Passengers could bear some of the financial burden as San Francisco International Airport wrestles with how to offset an $896 million tab for improvement projects.
Revenue bonds and grants will be used to mostly fund the airport’s 41 improvement projects, especially the highly anticipated reopening of Terminal 2 with 14 domestic gates in the middle of 2011.
But according to the airport’s five-year financial plan that the SFO Commission is scheduled to vote on today, passengers will feel some of the burn.
Taxi drivers will be charged more per trip if they commute to and from the airport to surrounding cities such as Burlingame or Millbrae, a fee that could be transferred to the rider.
Airport spokesman Mike McCarron said he believed cabbies currently pay about $2.50 per trip, but could end up paying more.
Car renters could be hit with a $20 fee, up from $18.50, to pay for AirTrain’s operation and maintenance, since every year the airport spends about 40 percent of its cash pot on debt services for the 24-hour, free automated people mover.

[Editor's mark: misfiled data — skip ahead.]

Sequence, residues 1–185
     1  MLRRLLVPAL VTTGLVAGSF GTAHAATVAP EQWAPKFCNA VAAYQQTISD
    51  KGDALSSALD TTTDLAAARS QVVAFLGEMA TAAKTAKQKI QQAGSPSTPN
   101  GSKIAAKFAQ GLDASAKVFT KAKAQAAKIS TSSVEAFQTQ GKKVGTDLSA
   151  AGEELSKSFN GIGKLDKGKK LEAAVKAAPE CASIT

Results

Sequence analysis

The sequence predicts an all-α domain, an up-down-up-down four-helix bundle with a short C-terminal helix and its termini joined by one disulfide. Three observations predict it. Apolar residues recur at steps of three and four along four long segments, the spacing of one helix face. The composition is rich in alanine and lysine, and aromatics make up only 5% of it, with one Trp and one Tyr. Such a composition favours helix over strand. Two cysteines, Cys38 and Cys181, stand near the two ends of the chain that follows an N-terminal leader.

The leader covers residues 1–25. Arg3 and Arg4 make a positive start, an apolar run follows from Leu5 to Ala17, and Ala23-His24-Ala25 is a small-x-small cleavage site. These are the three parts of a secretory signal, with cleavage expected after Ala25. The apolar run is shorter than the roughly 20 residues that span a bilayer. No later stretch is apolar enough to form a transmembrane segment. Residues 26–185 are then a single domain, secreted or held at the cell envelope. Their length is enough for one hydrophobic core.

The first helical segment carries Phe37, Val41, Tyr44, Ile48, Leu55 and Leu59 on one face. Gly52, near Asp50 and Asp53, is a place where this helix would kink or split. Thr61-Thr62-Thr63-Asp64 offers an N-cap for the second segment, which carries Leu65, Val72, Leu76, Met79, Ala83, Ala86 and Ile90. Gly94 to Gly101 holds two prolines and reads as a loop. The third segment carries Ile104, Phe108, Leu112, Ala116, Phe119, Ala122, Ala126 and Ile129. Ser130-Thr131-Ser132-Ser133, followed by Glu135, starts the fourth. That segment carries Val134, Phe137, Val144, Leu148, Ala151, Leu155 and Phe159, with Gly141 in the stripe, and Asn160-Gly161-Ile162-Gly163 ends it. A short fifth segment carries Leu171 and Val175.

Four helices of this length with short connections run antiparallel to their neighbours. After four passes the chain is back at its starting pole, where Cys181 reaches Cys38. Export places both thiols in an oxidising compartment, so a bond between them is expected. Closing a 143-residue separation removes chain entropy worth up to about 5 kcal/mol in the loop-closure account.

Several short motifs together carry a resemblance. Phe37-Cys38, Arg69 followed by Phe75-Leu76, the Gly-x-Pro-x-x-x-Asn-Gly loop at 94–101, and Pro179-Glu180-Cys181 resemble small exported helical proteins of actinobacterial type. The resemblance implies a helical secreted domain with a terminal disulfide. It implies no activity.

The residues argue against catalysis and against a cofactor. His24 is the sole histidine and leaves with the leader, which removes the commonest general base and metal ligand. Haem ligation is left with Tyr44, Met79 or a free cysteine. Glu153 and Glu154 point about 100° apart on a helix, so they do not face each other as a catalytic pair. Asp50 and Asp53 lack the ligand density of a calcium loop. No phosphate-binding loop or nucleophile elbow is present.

In addition, rent for operation centers, hangars and cargo buildings would increase by at least 2.2 percent in the next fiscal year, then again by 2.5 percent.
The plan assumes the number of domestic and international passengers — who spend on concessions, rentals and other nonaviation items — will increase from 18.9 million to 19.3 million next fiscal year. And if that number continues to rise every year by about 2 percent, it will pay for an operating budget that increases by about $50,000 each year.
The increase in passengers also depends on the airport’s No. 1 focus among six outlined in the plan: opening Terminal 2, which has been closed since the International Terminal opened in 2000. As a response to JetBlue, Southwest Airlines and Virgin America’s need for more domestic flights, it will add more than 611,000 square feet to the gross building area.
“We’re the only airport in the top 20 that saw [passenger] growth last year,” McCarron said. “Carriers are adding seats and we expect to sell them.”
“SFO has a pretty steady growth stream. I mean, that’s our bread and butter,” commission President Larry Mazzola said.